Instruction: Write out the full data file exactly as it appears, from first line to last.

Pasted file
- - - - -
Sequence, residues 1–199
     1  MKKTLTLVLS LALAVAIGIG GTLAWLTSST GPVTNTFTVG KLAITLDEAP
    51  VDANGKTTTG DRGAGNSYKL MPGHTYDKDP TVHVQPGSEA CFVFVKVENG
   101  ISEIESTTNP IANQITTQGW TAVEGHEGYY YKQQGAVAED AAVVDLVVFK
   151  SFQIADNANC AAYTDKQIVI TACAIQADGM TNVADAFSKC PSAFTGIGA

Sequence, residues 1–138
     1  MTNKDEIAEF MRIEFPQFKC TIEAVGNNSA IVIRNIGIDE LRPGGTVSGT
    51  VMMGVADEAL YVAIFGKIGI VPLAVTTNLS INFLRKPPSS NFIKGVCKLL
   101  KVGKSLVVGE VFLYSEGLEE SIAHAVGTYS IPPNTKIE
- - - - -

Sequence, residues 1–199
     1  MKKTLTLVLS LALAVAIGIG GTLAWLTSST GPVTNTFTVG KLAITLDEAP
    51  VDANGKTTTG DRGAGNSYKL MPGHTYDKDP TVHVQPGSEA CFVFVKVENG
   101  ISEIESTTNP IANQITTQGW TAVEGHEGYY YKQQGAVAED AAVVDLVVFK
   151  SFQIADNANC AAYTDKQIVI TACAIQADGM TNVADAFSKC PSAFTGIGA

Sequence, residues 1–138
     1  MTNKDEIAEF MRIEFPQFKC TIEAVGNNSA IVIRNIGIDE LRPGGTVSGT
    51  VMMGVADEAL YVAIFGKIGI VPLAVTTNLS INFLRKPPSS NFIKGVCKLL
   101  KVGKSLVVGE VFLYSEGLEE SIAHAVGTYS IPPNTKIE